The images of the tent camps, appearing on the evening news and front pages of newspapers, have caught Netanyahu’s attention — in part because they come at a time when iconic images of tents in central Cairo speak to the political upheaval taking place in neighboring Egypt. Much of that unrest, too, stems from years of economic inequity and a widening gap between rich and poor.

Sam Lehman-Wilzig, a Bar-Ilan University political scientist, noted that in Israel it’s unusual for socioeconomic issues to take priority over security issues.

“What is very troubling for Netanyahu is that this is not a left-wing versus right-wing protest. It’s one of the few issues that cuts across all political spectrums,” he said.

Netanyahu, who identified the affordable housing shortage as a potential crisis when he came to power in 2009, has been scolding his ministers for not doing enough.

“Give me ideas for a solution,” Netanyahu was quoted by the Israeli media as telling his Cabinet ministers.

The prime minister announced July 26 that his government was preparing a battery of solutions, among them plans to reduce bureaucratic hurdles to building new housing projects and measures that would help young people make their first real estate purchases.

He also promised construction of new student dormitories and the construction of 10,000 two- and three-bedroom units, mostly in central Israel, to be earmarked for young couples, large families and students.

Hours after Netanyahu’s news conference unveiling his plan, the protest’s leaders held their own news conference dismissing the plan as a piecemeal attempt to divide students from other protesters.

Itzik Shmueli, head of the National Union of Israeli Students, said at the news conference that although Netanyahu’s plan was “unprecedented” and “historic,” it remained insufficient and that the union would continue participating in the protest.

Experts attribute the vertiginous rise in real estate prices in recent years to a combination of Israel’s small size, relatively high population growth, a strong shekel and an influx of foreign buyers, especially American and French Jews. Demand is strongest in the central part of the country, where most Israelis work and live, though prices in the periphery have risen, too.

In a country that managed to weather the international financial downturn exceptionally well, many Israelis still feel financially strapped. A significant portion of the nation’s private wealth is concentrated in the hands of a few families, the gaps between rich and poor is wider than ever and poverty rates remain among the highest in the Western world.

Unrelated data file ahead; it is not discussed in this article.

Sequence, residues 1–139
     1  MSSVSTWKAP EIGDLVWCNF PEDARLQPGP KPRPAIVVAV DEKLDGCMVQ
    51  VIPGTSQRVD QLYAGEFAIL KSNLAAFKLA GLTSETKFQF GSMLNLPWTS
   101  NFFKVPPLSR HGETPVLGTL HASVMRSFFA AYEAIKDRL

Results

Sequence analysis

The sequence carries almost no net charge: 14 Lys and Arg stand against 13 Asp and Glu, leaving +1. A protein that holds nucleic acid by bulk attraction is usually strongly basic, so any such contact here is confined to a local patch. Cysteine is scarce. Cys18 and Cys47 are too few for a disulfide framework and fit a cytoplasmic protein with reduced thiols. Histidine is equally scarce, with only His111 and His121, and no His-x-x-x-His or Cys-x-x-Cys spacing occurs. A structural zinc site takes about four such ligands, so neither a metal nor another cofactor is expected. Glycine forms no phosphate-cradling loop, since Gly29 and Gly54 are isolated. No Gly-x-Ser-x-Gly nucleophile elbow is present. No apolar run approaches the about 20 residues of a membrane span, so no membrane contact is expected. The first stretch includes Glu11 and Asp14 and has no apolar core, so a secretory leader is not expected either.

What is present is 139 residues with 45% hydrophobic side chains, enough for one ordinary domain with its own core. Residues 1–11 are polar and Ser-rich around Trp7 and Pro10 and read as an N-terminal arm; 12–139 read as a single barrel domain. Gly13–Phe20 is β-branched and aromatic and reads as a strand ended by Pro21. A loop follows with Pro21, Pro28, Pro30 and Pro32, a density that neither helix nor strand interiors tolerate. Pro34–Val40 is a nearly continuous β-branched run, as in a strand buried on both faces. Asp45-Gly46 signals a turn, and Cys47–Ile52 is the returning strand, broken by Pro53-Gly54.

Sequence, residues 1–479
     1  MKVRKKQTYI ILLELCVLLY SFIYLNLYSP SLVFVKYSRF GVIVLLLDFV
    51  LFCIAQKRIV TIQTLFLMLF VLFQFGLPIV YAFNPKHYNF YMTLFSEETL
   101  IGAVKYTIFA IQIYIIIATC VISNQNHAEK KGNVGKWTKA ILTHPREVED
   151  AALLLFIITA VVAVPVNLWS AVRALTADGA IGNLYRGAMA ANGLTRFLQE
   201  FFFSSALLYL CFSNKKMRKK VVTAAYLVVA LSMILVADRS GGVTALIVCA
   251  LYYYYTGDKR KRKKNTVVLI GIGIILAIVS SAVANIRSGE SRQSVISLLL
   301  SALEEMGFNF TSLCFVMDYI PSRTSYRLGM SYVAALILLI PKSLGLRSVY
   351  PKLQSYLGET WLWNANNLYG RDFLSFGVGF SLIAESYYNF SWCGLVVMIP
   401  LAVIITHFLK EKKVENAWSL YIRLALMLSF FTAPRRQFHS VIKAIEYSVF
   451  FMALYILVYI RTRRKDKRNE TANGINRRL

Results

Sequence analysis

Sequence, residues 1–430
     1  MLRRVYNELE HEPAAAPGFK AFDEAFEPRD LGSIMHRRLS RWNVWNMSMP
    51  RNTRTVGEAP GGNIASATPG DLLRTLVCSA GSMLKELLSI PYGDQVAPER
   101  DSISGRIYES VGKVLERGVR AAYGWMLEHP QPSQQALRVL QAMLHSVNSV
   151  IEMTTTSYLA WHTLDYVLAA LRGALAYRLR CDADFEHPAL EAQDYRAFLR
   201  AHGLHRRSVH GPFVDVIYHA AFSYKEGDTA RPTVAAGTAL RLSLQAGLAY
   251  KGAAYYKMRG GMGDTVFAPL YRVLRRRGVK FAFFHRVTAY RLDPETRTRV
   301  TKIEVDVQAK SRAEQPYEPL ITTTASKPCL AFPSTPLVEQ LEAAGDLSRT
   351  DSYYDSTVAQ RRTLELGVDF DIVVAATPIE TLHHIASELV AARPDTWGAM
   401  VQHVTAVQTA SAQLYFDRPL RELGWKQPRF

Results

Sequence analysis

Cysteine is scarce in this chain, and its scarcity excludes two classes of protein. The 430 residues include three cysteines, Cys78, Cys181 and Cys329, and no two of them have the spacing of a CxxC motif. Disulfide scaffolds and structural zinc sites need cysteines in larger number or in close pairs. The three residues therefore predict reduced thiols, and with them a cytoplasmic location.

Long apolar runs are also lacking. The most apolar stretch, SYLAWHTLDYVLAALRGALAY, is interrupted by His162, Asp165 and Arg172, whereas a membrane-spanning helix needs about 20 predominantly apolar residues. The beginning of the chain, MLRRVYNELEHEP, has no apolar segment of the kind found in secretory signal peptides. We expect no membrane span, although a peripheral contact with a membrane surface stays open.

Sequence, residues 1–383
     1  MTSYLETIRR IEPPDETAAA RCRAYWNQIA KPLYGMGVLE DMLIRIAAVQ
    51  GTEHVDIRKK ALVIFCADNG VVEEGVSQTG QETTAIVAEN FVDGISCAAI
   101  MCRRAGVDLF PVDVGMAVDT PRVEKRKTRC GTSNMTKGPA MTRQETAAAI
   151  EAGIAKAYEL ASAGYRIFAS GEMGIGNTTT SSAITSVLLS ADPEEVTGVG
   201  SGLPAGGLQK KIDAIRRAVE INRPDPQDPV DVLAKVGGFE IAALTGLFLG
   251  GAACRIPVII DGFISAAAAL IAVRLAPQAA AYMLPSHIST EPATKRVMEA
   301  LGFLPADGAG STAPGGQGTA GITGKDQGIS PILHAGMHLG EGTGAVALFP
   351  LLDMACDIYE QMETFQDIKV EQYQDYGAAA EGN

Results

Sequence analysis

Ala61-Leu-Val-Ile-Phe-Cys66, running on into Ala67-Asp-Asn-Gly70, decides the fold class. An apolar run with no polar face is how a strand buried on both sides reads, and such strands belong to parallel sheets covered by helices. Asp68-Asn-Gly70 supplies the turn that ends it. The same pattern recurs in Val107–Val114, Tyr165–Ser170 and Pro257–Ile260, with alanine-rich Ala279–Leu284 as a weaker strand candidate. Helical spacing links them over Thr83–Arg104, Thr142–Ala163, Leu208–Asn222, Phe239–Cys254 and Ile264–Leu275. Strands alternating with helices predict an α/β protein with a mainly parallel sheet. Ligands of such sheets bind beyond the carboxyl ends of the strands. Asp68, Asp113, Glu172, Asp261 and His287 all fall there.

Israeli hospitals and health clinics are in the midst of a doctors’ strike, which followed a large social workers’ strike. Both groups cited low wages as their reasons. And a boycott last month of cottage cheese to protest rising prices for the Israeli staple appears to have been a symptom of widespread economic discontent that the housing protests also are tapping into.

“Whereas the street has been relatively quiet in the last 20 years, it’s beginning to wake up and demand part of national wealth that does not seem to be trickling down as much as it should,” Lehman-Wilzig said. “It’s not a call to return to Israel’s socialist past, but to a more collective feeling of society as a whole.”

The demonstrators have been careful to note that theirs is a nonpartisan struggle. In interviews, they say they don’t want to interject hot-button political topics, such as the cost of subsidizing home building in West Bank settlements or for haredi Orthodox families, at the risk of alienating would-be supporters of their cause.

At a protest outside the Knesset on July 24, Itay Gottler, who heads the student union at the Hebrew University, spoke of a popular movement that encompasses all segments of society.

“This is a struggle that involves secular people, the ultra-Orthodox, religious, Arabs, young people and students,” he said. “This is the struggle of the people.”

Amy Teibel of the Associated Press contributed to this report.